The Louisiana Constitution is different from our and this decision is about a straight voucher program, not a tax credit funded voucher program like ours in New Hampshire, but it is still a major decision in the context of the national privatization debate.
The state Supreme Court has ruled that the current method of funding the statewide school voucher program is unconstitutional. Act 2, part of Gov. Bobby Jindal’s 2012 package of education reforms, diverts money from each student’s per-pupil allocation to cover the cost of private or parochial school tuition. The act authorizes both the Louisiana Scholarship Program and the new Course Choice program.
The vote was 6-1, with Justice Greg Guidry dissenting. The plaintiffs in the case include the Louisiana Association of Educators, the Louisiana Federation of Teachers and the Louisiana School Boards Association.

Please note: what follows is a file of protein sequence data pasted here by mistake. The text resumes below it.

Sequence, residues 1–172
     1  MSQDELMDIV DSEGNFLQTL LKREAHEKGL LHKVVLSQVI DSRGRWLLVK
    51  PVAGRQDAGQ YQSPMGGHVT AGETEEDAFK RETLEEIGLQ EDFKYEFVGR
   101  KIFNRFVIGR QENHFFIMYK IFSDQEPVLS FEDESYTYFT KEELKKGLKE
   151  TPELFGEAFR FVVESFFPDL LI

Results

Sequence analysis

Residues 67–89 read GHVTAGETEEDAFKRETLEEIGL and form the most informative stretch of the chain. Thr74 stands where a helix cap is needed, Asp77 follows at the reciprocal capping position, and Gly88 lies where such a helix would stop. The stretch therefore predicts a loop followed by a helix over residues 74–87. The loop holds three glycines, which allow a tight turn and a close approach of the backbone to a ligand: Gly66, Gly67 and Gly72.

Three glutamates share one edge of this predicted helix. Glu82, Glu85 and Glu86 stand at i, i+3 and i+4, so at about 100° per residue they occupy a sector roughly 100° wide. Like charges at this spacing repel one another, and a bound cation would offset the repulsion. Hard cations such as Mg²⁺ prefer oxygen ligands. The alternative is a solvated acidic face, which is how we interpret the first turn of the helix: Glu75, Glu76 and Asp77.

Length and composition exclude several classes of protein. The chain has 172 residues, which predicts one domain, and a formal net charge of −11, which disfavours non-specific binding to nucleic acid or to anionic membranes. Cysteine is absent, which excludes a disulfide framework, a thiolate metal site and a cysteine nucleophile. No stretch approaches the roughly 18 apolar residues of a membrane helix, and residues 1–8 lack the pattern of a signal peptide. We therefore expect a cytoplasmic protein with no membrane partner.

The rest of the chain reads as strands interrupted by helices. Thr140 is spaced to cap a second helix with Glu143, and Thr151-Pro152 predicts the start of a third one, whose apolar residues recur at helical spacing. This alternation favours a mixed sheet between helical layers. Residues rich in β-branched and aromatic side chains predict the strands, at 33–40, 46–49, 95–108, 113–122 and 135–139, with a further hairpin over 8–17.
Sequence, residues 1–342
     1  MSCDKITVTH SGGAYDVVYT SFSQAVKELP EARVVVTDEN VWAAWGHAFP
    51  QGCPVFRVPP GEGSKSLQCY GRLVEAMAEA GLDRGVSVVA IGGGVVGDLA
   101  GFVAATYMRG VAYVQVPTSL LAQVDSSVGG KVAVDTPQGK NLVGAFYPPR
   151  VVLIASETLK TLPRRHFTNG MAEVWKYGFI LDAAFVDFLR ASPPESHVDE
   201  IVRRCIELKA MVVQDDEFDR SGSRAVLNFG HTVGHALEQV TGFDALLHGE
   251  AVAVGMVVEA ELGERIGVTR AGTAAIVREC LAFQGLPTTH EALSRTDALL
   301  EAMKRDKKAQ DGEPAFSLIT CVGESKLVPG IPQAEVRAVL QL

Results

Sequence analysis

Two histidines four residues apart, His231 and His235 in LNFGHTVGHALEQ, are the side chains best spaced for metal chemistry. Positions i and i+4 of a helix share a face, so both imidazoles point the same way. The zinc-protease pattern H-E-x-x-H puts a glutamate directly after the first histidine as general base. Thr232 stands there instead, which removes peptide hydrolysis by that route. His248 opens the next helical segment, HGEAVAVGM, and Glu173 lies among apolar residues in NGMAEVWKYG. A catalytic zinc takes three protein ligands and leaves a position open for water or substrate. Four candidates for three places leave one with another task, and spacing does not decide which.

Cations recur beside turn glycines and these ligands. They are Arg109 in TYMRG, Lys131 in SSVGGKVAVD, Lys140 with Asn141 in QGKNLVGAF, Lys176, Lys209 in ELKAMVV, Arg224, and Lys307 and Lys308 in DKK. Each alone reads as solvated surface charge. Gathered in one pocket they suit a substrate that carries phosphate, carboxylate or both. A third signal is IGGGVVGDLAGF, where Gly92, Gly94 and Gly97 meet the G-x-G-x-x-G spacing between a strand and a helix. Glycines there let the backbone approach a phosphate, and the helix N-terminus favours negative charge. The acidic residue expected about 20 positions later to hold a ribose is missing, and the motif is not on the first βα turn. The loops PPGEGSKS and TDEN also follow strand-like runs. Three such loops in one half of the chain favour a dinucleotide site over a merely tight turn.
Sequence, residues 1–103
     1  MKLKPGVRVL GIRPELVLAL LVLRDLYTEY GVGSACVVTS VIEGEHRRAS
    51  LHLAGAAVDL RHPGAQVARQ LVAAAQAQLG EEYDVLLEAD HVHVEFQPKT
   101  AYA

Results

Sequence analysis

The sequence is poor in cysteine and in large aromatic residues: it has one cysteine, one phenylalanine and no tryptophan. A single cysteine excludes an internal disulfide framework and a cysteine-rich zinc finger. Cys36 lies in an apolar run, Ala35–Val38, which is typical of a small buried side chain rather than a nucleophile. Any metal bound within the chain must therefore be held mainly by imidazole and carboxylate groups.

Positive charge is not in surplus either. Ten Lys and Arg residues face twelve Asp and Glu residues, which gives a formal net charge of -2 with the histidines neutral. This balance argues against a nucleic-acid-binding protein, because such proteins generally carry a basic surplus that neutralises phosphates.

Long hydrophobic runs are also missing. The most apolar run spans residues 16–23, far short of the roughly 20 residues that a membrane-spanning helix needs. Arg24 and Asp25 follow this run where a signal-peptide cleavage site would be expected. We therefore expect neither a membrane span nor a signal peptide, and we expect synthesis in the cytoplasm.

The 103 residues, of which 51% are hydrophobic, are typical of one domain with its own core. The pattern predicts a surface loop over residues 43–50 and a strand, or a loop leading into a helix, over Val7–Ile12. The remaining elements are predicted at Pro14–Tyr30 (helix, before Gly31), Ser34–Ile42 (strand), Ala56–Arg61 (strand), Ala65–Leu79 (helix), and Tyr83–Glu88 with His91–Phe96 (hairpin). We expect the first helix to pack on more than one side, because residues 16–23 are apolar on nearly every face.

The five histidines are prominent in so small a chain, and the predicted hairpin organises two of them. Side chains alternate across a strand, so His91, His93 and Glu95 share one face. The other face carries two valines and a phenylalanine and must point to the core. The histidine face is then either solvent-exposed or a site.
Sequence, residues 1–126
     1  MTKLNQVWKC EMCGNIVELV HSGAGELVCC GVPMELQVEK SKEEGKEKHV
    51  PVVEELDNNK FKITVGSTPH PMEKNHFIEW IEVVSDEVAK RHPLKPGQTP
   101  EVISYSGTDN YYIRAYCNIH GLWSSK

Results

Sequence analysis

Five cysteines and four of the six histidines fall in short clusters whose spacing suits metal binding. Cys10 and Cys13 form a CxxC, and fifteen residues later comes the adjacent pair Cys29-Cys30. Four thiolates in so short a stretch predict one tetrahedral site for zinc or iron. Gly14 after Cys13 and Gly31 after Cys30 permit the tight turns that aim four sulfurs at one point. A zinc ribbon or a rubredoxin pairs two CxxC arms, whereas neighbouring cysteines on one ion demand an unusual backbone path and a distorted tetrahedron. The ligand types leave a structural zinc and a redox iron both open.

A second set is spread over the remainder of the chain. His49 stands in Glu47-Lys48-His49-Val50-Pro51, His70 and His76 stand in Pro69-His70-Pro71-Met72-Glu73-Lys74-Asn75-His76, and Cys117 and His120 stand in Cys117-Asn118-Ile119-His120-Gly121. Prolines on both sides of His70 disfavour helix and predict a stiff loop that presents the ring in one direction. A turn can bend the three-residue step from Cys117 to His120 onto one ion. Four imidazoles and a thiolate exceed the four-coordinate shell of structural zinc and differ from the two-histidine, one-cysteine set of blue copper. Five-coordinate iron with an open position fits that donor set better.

The decision states that the per-pupil allocation, called the minimum foundation program or MFP, must go to public schools. Justice John Weimer writes, “The state funds approved through the unique MFP process cannot be diverted to nonpublic schools or other nonpublic course providers according to the clear, specific and unambiguous language of the constitution.”